The last couple of years, I’ve made little Christmas gifts for my fellow Portland Puzzled Pint organizers. Last year, it was themed coasters. This year, I thought I’d make “code sheet” keychains. Or zipper pulls. Or lanyards. Or whatever the hip kids are calling them these days. It took a couple of design revisions to … Continue reading A Decoder-Ring Keychain
I’m going to a few conferences this summer, just for fun, not for work, representing myself. In social situations, I’ve always had “calling cards” or personal-life “business” cards with some basic internet contact info. Does anyone remember the Moo.com mini-cards that were popular back when LiveJournal was a big thing? I’ve been using some variation on … Continue reading A puzzling business card
During the winter break, I took some time to play around with the Processing language. (See also: A code sheet on every lock screen.) My current opinion of it is that, despite a few people doing amazing things with it, it sits somewhere above Logo/Turtle-Graphics but below a real/regular/popular language. It’s good for a few specific … Continue reading Rendering a Puzzled Pint seal in Processing
During winter break, I typically pick up a new technology or programming language — to keep sharp and on the cutting-edge. In the past this has included 3D printing, 3D design, iOS programming, Ruby, and others. This past week, I spent a couple of days getting somewhat proficient at Processing and a couple of days … Continue reading A code sheet on every lock screen
About a decade ago, before smartphones and tablets, when Flash games were a big thing, there was a genre of Flash games known as “Escape the Room.” One of the first popular such games was The Crimson Room. I simultaneously love and hate the genre. I like the aspect of puzzling your way out of … Continue reading Portland’s Escape the Room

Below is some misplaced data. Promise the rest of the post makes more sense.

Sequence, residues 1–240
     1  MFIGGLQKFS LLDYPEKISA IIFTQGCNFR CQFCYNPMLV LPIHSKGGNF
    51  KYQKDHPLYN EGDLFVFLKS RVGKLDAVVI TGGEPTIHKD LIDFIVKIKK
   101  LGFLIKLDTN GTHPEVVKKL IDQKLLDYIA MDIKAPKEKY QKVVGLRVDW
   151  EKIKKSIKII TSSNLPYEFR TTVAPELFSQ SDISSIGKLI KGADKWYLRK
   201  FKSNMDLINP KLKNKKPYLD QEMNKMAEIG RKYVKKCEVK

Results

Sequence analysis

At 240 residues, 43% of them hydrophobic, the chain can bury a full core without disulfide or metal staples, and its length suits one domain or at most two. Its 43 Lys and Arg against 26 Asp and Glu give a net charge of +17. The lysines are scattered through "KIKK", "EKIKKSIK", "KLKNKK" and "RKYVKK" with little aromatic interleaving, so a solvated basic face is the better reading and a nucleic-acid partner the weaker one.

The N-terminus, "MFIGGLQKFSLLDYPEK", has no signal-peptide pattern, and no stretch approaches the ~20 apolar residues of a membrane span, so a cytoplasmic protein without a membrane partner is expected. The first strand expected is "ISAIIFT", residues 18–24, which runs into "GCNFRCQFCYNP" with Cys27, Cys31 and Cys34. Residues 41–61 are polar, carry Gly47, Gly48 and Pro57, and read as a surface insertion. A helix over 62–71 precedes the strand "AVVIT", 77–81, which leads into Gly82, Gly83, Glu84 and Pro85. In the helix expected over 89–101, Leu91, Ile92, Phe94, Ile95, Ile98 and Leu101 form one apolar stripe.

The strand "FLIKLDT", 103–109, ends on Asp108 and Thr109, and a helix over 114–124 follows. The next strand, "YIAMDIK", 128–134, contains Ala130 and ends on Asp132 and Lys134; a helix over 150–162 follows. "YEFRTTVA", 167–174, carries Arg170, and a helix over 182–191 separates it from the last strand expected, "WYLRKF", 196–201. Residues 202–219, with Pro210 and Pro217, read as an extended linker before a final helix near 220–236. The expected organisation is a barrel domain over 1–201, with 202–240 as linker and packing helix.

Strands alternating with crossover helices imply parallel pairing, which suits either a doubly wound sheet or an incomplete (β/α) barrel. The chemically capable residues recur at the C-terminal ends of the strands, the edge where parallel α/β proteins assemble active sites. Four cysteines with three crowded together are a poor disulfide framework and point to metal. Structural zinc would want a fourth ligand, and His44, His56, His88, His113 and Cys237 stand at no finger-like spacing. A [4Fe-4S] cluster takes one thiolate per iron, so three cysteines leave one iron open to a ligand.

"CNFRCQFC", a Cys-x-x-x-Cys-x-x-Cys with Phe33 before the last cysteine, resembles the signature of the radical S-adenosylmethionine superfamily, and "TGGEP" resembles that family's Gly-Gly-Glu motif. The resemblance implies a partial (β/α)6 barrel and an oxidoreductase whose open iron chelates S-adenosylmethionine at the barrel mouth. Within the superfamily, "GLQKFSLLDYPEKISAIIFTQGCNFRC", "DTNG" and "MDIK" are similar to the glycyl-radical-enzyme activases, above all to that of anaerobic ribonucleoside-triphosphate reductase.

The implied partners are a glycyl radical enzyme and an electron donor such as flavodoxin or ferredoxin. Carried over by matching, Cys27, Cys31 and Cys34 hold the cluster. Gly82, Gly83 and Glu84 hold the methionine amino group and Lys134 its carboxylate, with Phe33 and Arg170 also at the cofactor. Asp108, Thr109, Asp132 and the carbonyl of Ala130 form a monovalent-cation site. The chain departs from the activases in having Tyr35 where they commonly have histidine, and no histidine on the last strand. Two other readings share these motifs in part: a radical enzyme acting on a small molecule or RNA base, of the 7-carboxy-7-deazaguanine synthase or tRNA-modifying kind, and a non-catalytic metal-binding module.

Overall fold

The Puzzled Pint team designed and ran this year’s ARGFest puzzle hunt. This is a behind-the-scenes peek at what was involved.
In response to the previous post (Puzzled Pint surveys and metrics), someone had suggested building a heat map. I built a fairly primitive one with Google Earth and a short Ruby script. The radius of each circle is proportional to the number of attendees. The height is random-ish and only varies to help distinguish overlapping circles. … Continue reading Puzzled Pint Portland heat map
At the most recent Puzzled Pint event in Portland, we put out a survey for all players to respond to individually. Here are the results.
When I last updated ARG Tools back in August, I alluded to an upcoming new version of the app called Puzzle Sidekick. I am pleased to announce that it is now available. If you are familiar with ARG Tools, you already know what it does and I suspect you will be quite happy with the … Continue reading Introducing Puzzle Sidekick
This is the final part in a series of three, describing the hardware behind the puzzle gadget I designed for Curtis’ birthday puzzle game.